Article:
The 2017 Autumn Budget and What It Means for the Construction Industry
Dec 13, 2017
On Wednesday 22nd November, Chancellor Phillip Hammond delivered the 2017 Autumn Budget Statement, revealing the Government’s spending plans for the UK.
“A future that will be full of change, full of new challenges and above all, full of new opportunities.” – Chancellor Phillip Hammond
A large percentage of the budget will contribute towards the construction sector, with significant investments being made in both retaining our existing workforce and training the next generation of construction workers. There was also a focus on innovation and productivity in the construction sector, with a £170 million investment.
With so many different industries and areas to consider, such as transportation, tax, pollution, healthcare etc. it can be a challenge to identify the announcements that will have a direct impact on the construction industry. We thought we would save you the headache of reading the entire executive summary and summarise the key points that will have a direct impact on the construction sector.
300,000 New Homes a Year
Further financial support has been assigned to building 300,000 new homes a year, a volume that hasn’t been reached since 1970. The total budget now stands at £44 billion, with:
- £15.3 billion for house builds over the next five years
- £1.2 billion for the acquisition of new land for home builds
- £2.7 billion for infrastructure
Five new garden town developments will be initiated, adopting a smarter approach to land utilisation whilst putting provisions in place to protect the environment.
‘New “garden” towns and villages will be built across England in an attempt to alleviate the housing crisis.’ (Source: The Telegraph)
“Locally-led garden towns and villages have enormous potential to deliver the homes that communities need. New communities not only deliver homes, they also bring new jobs and facilities and a big boost to local economies.” – Gavin Barwell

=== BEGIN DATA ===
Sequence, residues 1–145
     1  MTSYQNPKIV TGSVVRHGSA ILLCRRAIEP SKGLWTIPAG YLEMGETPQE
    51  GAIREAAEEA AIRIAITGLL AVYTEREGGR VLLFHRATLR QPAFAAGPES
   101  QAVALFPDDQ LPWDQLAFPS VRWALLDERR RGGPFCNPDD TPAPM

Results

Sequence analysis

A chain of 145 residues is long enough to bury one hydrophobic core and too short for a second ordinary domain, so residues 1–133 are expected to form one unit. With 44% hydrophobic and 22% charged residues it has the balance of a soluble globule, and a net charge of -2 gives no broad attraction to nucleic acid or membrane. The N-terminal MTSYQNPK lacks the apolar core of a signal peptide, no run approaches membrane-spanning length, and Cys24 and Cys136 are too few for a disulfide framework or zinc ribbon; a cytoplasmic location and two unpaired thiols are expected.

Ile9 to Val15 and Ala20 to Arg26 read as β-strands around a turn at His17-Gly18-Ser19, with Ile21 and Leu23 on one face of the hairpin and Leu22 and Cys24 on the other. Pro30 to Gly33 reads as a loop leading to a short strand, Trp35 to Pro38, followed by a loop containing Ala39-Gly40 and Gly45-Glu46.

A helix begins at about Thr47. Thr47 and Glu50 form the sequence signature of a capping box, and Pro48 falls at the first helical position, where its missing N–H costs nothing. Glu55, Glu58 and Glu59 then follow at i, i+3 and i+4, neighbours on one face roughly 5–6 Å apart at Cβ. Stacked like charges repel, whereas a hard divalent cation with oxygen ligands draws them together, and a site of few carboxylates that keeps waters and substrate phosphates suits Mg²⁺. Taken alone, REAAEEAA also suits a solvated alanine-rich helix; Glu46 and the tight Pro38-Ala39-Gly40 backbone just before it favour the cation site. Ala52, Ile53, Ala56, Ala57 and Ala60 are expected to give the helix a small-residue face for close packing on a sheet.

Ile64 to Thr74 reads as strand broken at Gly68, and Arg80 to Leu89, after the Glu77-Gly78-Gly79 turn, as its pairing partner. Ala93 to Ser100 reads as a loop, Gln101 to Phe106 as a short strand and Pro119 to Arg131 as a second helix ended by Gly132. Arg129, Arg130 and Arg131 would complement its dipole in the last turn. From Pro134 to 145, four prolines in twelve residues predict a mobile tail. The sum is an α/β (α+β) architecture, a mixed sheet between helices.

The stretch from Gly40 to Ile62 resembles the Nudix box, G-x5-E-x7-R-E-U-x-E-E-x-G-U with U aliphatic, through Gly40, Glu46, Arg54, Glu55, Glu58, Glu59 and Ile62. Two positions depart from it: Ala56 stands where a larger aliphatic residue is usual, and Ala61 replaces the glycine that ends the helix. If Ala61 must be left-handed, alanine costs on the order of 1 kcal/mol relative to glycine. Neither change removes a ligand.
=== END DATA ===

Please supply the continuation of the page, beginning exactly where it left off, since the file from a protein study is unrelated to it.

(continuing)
14 locations have been approved for garden villages, whilst 3 have been approved for garden towns, including:
- Aylesbury, Buckinghamshire
- Taunton, Somerset
- Harlow & Gilston, Essex and Hertfordshire
With it having become more and more challenging for young people to get on the property ladder in recent years, the Government are going to abolish stamp duty land tax (SDLT) on homes under £300,000 for first-time buyers. This will take effect as of the 22nd November, saving the average first-time property buyer £1,660 (Source: GOV.UK).
Training and T-levels
Looking to the future, the Government are keen to invest in the longevity and quality of our construction industry by backing training and the development of home-grown talent.
‘£34 million will go towards teaching construction skills like bricklaying and plastering. £30 million will go towards digital courses using AI.’ (Source GOV.UK)
The introduction of T-levels will see a significant increase in the number of young people entering the industry, with the practical skills and knowledge needed to hit the ground running.
“T-levels will increase the life chances of many thousands of young people, while at the same time helping to ensure British industry remains competitive.” – Review Chairman Lord Sainsbury
Construction (‘building, services, engineering pathway) has been announced as one of the first three T-levels to be actioned. It will be launching in 2020 alongside digital and childcare & education.
‘The new vocational qualifications will be supported by funding worth £60 million in 2018-19, rising to £445 million in 2021-22, and eventually to “over £500 million” a year.’ (Source: tes.com)
National Minimum Wage Increase
If you’re an employer, you need to take note of the new changes to the National Living Wage and National Minimum Wage, that will take effect as of April 2018.
For those 25 years and over, the National Living Wage will increase by £0.33, taking it to £7.83 and the National Minimum Wage will see the following increases (Source: GOV.UK):
21 to 24 year olds – £7.38 per hour
18 to 20 year olds – £5.90 per hour
16 and 17 year olds – £4.20 per hour
Apprentices – £3.70 per hour
What Does This Mean for the Construction Sector?
Whilst the above covers some of the key factors that will influence and shape the future of our industry and the future of the country, you can find out where the rest of the budget will be going in the Autumn Budget 2017, Executive Summary.
Overall, the Autumn Budget has been good news for the British construction industry. The more work there is, the higher the demand will be for experienced workers. Employment is expected to grow, with 179,000 construction sector jobs predicted to be created over the next 5 years.
You can find out more about these plans in our article, Growing Opportunities and a Rising Demand for Construction Workers in the UK.
You can watch the Chancellor’s statement in full here: